Ethnic Disparities in Breast Tumor Phenotypic Subtypes in Hispanic and Non-Hispanic White Women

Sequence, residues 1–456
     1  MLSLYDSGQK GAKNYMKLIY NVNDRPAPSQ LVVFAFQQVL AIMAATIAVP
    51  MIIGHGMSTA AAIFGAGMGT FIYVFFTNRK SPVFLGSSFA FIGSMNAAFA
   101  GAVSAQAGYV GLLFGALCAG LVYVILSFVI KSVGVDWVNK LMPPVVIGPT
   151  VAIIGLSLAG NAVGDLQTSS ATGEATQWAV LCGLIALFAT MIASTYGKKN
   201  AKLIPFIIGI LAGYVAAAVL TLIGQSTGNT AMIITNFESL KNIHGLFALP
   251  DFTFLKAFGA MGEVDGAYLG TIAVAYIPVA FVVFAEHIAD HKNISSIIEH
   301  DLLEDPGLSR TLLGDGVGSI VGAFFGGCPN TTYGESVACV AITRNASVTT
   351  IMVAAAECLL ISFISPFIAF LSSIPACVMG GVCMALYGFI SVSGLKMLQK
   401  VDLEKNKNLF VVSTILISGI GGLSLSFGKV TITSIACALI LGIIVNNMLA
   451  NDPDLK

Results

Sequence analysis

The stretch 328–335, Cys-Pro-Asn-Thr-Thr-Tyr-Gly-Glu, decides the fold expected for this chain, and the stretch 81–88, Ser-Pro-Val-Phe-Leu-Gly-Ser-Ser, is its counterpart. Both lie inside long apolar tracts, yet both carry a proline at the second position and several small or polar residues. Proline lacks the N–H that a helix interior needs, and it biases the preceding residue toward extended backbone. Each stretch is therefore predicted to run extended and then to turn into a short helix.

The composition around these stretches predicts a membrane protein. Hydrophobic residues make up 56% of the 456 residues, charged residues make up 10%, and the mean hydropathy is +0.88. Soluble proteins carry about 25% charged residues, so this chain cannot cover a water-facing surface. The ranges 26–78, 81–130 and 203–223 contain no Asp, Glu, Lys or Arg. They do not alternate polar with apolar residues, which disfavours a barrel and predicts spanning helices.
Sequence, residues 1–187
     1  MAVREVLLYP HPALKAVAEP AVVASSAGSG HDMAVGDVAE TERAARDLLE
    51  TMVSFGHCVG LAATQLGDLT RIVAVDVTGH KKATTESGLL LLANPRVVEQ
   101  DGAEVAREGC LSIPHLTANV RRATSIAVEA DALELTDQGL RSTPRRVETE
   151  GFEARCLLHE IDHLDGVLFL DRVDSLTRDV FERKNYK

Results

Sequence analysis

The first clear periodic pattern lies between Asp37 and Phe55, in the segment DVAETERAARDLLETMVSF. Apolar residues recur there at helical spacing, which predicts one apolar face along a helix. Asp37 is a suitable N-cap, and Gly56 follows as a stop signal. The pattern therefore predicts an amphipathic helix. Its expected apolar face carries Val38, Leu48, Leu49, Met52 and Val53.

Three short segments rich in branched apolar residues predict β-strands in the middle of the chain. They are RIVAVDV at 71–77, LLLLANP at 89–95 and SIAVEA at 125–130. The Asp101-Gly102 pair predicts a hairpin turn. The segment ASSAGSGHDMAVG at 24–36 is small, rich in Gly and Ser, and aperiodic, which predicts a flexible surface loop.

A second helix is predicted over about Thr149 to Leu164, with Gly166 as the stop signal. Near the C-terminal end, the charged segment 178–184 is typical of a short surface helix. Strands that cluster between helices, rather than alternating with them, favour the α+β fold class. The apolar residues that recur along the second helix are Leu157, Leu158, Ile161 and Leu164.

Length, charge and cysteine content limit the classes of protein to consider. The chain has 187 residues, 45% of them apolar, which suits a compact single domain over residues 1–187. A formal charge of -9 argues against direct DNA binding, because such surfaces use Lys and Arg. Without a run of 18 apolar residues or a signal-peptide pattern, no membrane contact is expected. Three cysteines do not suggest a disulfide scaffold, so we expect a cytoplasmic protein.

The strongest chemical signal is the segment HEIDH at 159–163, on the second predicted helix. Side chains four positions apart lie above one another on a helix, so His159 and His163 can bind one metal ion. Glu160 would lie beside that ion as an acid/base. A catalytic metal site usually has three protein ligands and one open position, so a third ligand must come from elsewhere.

Hispanic women are at a lower risk of getting breast cancer than non-Hispanic white (NHW) women, yet they experience a higher risk of mortality after diagnosis. There is some evidence to suggest differences in tumor pathology; however, very limited research has been published on Hispanic women. This represents one of the first studies to evaluate the prevalence of tumor markers and phenotypic subtypes that are associated with poorer prognosis (human epidermal growth factor receptor 2 [HER2], triple negative and basal-like tumors) among Hispanic women. We reviewed pathology reports, obtained paraffin blocks of breast cancer tissue, and established tissue microarrays from NHW (n=119) and Hispanic women (n=69) who were Colorado participants in the 4-Corners Breast Cancer Study. We evaluated ethnic differences in the prevalence of tumor markers and phenotypic subtypes and assessed the contribution of risk factors in explaining the observed differences. Consistent with other studies, Hispanic women had a higher prevalence of estrogen receptor-negative tumors compared with NHWs (36.2% vs. 22.7%, p=0.05). Hispanics also had an unexpectedly higher proportion of HER2-positive tumors compared with NHWs (31.9% vs. 14.3%, p<0.01). Independent of other prognostic factors, Hispanics were 2.8 times more likely to have a HER2-positive tumor (95% confidence interval [CI] 0.98-7.86). Hispanics were less likely to have the more favorable luminal A subtype, but no significant differences were observed for the less favorable basal-like or triple negative subtypes. However, there were suggestive differences when considering menopausal status. These findings provide evidence that breast cancers among Hispanic women comprise a distinct spectrum of tumor subtypes when compared with NHW women.